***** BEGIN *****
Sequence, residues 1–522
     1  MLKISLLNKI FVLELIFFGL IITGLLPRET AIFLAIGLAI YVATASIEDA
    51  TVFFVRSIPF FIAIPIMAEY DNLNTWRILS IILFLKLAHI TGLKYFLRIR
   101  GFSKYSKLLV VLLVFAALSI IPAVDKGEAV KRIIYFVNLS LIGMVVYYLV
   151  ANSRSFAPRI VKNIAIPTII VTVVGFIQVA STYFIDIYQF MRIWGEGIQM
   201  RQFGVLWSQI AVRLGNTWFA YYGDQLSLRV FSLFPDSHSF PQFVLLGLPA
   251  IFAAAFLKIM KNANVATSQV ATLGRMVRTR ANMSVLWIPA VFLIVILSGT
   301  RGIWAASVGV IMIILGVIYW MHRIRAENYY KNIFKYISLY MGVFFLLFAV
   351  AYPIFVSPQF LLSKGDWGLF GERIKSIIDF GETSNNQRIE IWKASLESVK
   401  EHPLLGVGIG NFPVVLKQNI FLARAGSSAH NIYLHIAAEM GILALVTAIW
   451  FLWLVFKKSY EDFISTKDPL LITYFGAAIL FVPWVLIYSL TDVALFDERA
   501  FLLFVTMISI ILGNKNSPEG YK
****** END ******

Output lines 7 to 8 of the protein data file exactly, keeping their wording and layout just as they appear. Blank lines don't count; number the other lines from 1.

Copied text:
   251  IFAAAFLKIM KNANVATSQV ATLGRMVRTR ANMSVLWIPA VFLIVILSGT
   301  RGIWAASVGV IMIILGVIYW MHRIRAENYY KNIFKYISLY MGVFFLLFAV